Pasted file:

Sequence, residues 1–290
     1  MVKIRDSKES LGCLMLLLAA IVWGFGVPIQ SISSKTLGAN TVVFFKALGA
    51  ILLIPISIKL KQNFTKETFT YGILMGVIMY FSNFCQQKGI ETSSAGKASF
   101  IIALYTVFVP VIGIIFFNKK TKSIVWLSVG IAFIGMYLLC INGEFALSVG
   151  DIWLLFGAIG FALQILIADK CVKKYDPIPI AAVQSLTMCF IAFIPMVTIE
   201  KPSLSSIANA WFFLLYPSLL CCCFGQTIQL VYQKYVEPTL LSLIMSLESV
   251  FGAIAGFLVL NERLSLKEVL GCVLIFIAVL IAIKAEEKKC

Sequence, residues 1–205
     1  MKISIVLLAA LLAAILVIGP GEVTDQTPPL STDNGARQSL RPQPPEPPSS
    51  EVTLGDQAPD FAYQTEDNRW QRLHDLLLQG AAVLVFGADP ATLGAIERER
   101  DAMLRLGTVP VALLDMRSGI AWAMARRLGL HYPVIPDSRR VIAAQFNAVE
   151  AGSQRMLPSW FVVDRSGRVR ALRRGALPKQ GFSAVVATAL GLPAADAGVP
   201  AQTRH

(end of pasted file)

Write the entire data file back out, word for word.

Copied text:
Sequence, residues 1–290
     1  MVKIRDSKES LGCLMLLLAA IVWGFGVPIQ SISSKTLGAN TVVFFKALGA
    51  ILLIPISIKL KQNFTKETFT YGILMGVIMY FSNFCQQKGI ETSSAGKASF
   101  IIALYTVFVP VIGIIFFNKK TKSIVWLSVG IAFIGMYLLC INGEFALSVG
   151  DIWLLFGAIG FALQILIADK CVKKYDPIPI AAVQSLTMCF IAFIPMVTIE
   201  KPSLSSIANA WFFLLYPSLL CCCFGQTIQL VYQKYVEPTL LSLIMSLESV
   251  FGAIAGFLVL NERLSLKEVL GCVLIFIAVL IAIKAEEKKC

Sequence, residues 1–205
     1  MKISIVLLAA LLAAILVIGP GEVTDQTPPL STDNGARQSL RPQPPEPPSS
    51  EVTLGDQAPD FAYQTEDNRW QRLHDLLLQG AAVLVFGADP ATLGAIERER
   101  DAMLRLGTVP VALLDMRSGI AWAMARRLGL HYPVIPDSRR VIAAQFNAVE
   151  AGSQRMLPSW FVVDRSGRVR ALRRGALPKQ GFSAVVATAL GLPAADAGVP
   201  AQTRH